UNESCO: Long commute to school exposes children to security risks

Pupils from Arya Primary School in Kisumu leave for home after lessons. [Denish Ochieng, Standard]

It has now emerged that school-going children in Kenya are exposed to insecurity and drop out due to the long distance they cover to access education.

According to a survey conducted in six middle-income countries by the United Nations Educational, Scientific and Cultural Organization (UNESCO), long commute to school exposes learners to safety risks, exhaustion, and can hinder their ability to fully participate in education.

The Global Monitoring Report 2023 found that Kenyan students walk an average of 2 kilometers to school each day, with 15 per cent of learners traveling more than 3 kilometers.

This places Kenya second only to Tanzania, where students average 6 kilometers (3.7 miles) per day, with over 40 per cent exceeding 3 kilometers.

In contrast, students in Costa Rica, Guatemala, South Africa, and Peru walk less than a kilometer or slightly above on average.

The report highlights the significant disparity in access to education based on geography, with students in rural areas often facing longer and more challenging journeys.

"The distance a learner covers to school is important as it greatly influences the learner's safety, well-being and school participation," the report states.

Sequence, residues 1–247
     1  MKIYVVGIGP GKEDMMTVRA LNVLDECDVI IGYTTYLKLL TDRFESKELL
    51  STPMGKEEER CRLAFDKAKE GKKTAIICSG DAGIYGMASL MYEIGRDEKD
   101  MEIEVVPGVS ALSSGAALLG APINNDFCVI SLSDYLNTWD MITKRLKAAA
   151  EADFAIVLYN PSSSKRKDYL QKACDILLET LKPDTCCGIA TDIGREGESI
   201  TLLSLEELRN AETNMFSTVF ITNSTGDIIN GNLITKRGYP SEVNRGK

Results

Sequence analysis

The long commute can expose students to dangers like traffic accidents, violence, and harassment. It can also lead to fatigue, impacting their ability to concentrate and learn in class.

Additionally, students who have to travel far may be more likely to drop out of school.

The report acknowledges that some countries have implemented policies to address this issue.

Switzerland, for example, sets maximum walking distances based on age; children should not walk more than 1 kilometer if they are less than 5 years old and no more than 2 kilometers if they are between 6 and 8 years old.

Similarly, England has similar regulations with statutory walking distances are 3.2 kilometres for children under age 8 and 4.8 kilometres for children aged 8 and above.

The maximum recommended commute time is 45 minutes in primary and 75 minutes in secondary education.

However, many countries, including Kenya, lack such policies.

In March 2020, the late former Education Cabinet Secretary George Magoha raised concern over directives that required learners to be in school earlier than the official reporting hours.

Prof Magoha noted that the Ministry of Education prescribes that official class hours are supposed to commence at 8 am but most primary schools require pupils to be in class as early as 6.30 am.

He argued that this exposes learners to insecurity and was detrimental to their development.

Education expert, Emmanuel Manyasa, urged the government to prioritize building more schools in rural areas and consider implementing policies that limit travel distances for students.

Manyasa who is the executive director of Usawa Agenda said this could involve constructing boarding facilities, providing transportation options, or adjusting school catchment zones.

"Investing in closer and safer schools is an investment in the future of Kenya's children," said a UNESCO official at the report's launch. "Ensuring equitable access to education is essential for sustainable development and poverty reduction," he said.

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